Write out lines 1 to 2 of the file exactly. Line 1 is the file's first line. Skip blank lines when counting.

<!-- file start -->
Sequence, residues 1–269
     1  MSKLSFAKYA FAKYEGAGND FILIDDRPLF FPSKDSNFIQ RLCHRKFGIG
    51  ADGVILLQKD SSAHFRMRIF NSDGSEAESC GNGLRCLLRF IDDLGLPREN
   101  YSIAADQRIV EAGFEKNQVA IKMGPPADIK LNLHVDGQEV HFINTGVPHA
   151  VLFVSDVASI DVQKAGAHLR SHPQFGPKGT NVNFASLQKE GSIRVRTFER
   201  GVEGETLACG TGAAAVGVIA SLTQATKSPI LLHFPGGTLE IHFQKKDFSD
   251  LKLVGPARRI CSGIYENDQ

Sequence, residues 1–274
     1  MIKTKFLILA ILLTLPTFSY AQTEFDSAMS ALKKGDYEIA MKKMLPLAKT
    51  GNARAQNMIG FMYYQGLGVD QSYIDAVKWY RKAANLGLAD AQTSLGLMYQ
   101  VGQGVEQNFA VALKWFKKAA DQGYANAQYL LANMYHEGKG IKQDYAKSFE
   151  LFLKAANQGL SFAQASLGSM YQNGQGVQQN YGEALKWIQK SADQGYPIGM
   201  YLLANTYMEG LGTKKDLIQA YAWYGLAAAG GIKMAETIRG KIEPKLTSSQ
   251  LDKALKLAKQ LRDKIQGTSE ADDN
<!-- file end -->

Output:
Sequence, residues 1–269
     1  MSKLSFAKYA FAKYEGAGND FILIDDRPLF FPSKDSNFIQ RLCHRKFGIG